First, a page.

Thermal Barcode Printers: An Introduction to Interfaces

by ScanSource Technical Services on September 16, 2010 · 0 comments

in Barcode Printing,POS,RFID,ScanSource POS & Barcode,Technical Education Portal,Technology,Wireless

The interface is how the host that is generating the print job communicates with the printer. No one printer is going to support all of these possible interfaces so it can be important to know ahead of time how your customer intends to connect to the host so you can make sure the printer is going to have the appropriate interface installed. Let take a moment and look at each.


This is the traditional printer interface found on most PCs. In years past it was pretty much how all office/home printers connected. It was also common with Thermal Barcode printers. While it is not as popular now as in years past, it is still a common interface. Parallel’s major limitation was speed and the 10 foot max length of the cable. Since the parallel interface has been such a standard it is easy to find cables. Parallel was common in office settings where the printer could be near the PC. As USB becomes more popular, it is replacing parallel.

RS-232C Serial:

The standard RS232 serial port is a very generic interface that has been used to interface just about any type of peripheral imaginable, including printers. It is slower than parallel but has the advantage of using longer cables, up to 50 feet. In years past serial was common in industrial settings but as it becomes more common for printers to be network devices you see less and less serial.


USB is a general interface, similar to serial, that can be used for a wide range of peripheral devices, including Printers. While it is much faster than either serial or parallel, with a max cable length of 10 feet, it has some of the same limitations. As a printer interface it is commonly seen in office settings.


What has become the most common way of connecting Thermal Printers is ethernet. This makes the printer an actual device on the network, with its own IP address. Putting the printer on the network solves many of the limitations of other interfaces. Modern networks are significantly faster than serial/parallel, and with a max cable length of Cat 5 ethernet cable being 100 meters (328 feet) the printer is free to be placed where needed, not just where the host is. Being a network device, the printer is also available to any host on your network with the correct permissions.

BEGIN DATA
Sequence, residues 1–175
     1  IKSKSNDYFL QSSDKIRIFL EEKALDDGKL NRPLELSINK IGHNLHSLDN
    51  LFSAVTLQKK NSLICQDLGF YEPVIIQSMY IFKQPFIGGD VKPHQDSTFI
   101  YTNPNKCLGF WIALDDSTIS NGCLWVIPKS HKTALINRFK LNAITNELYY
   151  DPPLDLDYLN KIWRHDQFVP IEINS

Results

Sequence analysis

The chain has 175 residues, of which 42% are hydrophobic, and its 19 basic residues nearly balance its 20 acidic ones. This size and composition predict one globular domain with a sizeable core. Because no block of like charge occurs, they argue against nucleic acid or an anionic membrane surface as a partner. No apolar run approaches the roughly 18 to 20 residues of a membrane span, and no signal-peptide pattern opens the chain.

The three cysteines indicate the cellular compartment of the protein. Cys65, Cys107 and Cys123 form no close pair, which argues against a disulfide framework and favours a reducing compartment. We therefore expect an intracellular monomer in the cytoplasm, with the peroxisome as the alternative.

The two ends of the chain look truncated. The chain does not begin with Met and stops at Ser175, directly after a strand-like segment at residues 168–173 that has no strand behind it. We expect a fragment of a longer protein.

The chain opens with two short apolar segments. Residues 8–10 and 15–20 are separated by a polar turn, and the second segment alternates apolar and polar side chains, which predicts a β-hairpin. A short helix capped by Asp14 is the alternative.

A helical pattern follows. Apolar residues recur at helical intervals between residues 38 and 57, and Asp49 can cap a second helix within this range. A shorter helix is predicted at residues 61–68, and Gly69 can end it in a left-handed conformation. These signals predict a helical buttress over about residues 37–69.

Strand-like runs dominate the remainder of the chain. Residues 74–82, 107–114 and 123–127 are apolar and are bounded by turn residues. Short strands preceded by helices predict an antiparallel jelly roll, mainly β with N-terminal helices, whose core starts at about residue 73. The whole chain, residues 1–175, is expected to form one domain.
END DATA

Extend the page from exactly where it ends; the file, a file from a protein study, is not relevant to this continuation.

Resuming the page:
Wireless Ethernet:

Taking it one step further, the printer can also be fitted with a wireless network interface. This allows the printer to be connected to an existing 802.11 wireless network. This is very useful for printers that would be used at different stations (rolling cart for example) or printers that need to be utilized at locations where running cables would prove impractical.

Legacy Interfaces:

There are a couple of interfaces that you still see from time to time. Both were used mainly in industrial settings. As networking technology developed, both have been phased out in favor of Ethernet.

RS-422/RS-485 Serial:

These were serial interface standards for connecting multiple devices over long distances. There are still a few high end printers that support them.


Used with early networking technologies. Twinax/Coax is still supported by some high end printers, and is still seen usually in an AS400 environment.

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